INTHEBLACK July 2021 - Flipbook - Page 32
F O R YA M I L E M O N S A L V E C P A , U N D E R S T A N D I N G N U M B E R S I S A S
INSTINCTIVE AS BEING FLUENT IN A LANGUAGE, AND SHE USES HER
T A L E N T F O R N U M B E R S T O M A K E A D I F F E R E N C E I N H E R L O C A L C O M M U N I T Y.
STORY CAROLINE ZIELINSKI
hen Yamile Monsalve CPA was an
18-year-old student at La Salle
University in Colombia, she got the
chance of a lifetime – a free trip to Australia
and the opportunity to study at an Australian
university for a semester.
Always good with numbers, Monsalve was
in the middle of her bachelor of business
administration degree when she was selected
to attend Central Queensland (CQ) University
as part of the 2004 Peace Scholarship Trust
program, administered by IDP Education
There was only one catch, Monsalve recalls.
“I didn’t speak English, which was a
requirement of the scholarship.”
However, in an act of good grace, CQ
University ended up waiving the Englishspeaking requirement and agreed to extend
her scholarship to include a few months of
intensive English lessons to prepare her for
a semester in Australia.
Monsalve happily agreed and, before she
knew it, she was deeply immersed in the
Australian university experience, culture and
way of living. “I did subjects that I knew I
could use as credit for my business degree
32 ITB July 2021
when I got home,” she says. Yet, before long,
she realised that returning to Colombia would
mean giving up the many opportunities
afforded her in Australia, and she petitioned
to stay. The university agreed to help, but on
the condition she pay her own way.
“I had always wanted to live overseas, but it
always seemed like a distant and unreachable
goal,” Monsalve says.
“Then I ended up in Australia, where the
quality of life is significantly higher than at
home. I had a support group and I loved it, so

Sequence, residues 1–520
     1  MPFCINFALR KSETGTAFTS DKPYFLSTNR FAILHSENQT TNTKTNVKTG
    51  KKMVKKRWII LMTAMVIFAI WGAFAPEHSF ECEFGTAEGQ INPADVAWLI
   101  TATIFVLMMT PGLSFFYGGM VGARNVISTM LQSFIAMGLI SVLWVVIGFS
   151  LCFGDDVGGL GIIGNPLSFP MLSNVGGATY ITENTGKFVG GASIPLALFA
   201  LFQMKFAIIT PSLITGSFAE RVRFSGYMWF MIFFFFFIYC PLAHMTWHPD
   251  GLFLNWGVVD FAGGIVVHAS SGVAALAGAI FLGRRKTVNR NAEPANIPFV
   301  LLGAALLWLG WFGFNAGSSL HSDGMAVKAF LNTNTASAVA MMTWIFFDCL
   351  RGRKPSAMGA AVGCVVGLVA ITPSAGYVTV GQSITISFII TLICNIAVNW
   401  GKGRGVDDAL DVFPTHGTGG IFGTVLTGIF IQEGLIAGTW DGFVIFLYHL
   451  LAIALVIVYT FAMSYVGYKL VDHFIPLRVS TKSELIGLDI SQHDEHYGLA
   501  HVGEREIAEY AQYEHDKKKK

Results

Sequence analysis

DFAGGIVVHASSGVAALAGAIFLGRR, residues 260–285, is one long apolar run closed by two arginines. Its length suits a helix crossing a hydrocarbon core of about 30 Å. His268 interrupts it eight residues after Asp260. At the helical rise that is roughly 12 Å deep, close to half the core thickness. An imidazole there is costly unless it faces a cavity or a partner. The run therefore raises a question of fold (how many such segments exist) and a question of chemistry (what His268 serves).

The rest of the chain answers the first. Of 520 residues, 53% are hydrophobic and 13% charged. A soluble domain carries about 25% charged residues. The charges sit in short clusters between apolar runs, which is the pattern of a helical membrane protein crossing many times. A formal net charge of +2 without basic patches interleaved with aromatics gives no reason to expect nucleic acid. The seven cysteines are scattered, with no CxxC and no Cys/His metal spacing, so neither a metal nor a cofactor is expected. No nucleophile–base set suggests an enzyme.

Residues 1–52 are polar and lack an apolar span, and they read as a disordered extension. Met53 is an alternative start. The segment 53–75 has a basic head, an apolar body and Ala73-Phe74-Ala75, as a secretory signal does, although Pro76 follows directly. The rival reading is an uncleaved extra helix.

I thought, why not give it a shot?”
NUMBERS DON’T LIE
Fast-forward to 2021, and Monsalve is nearly
as fluent in English as she is with numbers.
“I am very passionate about numbers – it is
the one thing I am excellent at,” she laughs.
The 34-year-old CPA, who has held roles
with the Environmental Protection Authority
Victoria and Rockhampton Regional Council
in Queensland, got started in public practice
accounting after she realised that “career
pathways in Australia are greater if you go
into accounting instead of business
“Also, the way I see it, accounting is a more
specific, evidence-driven science. You have
numbers, and the numbers don’t lie – they
always tell a story,” she says.
MENTORS MAKE THE DIFFERENCE
Monsalve now works as an accounting service
coordinator with Bayside City Council, in
Victoria, managing a team of eight and
reporting to the chief financial officer. She
says she could not have advanced to this
point in her career without a series of
mentors who believed in her.
“One of my first mentors figured out what
I hadn’t yet managed to discover for myself
– that I had a talent for systems,” she says.
“So, he started giving me opportunities to
develop in that field, and through that I came
to work in systems accounting for the local
council [in Queensland].”
Monsalve was so good at this role – because
she “was able to see the gap between what the
systems could do and what people needed the
system to do” – that she ended up winning the
2014 Young Finance Professional of the Year
award from the Local Government Finance
Professionals Association of Queensland.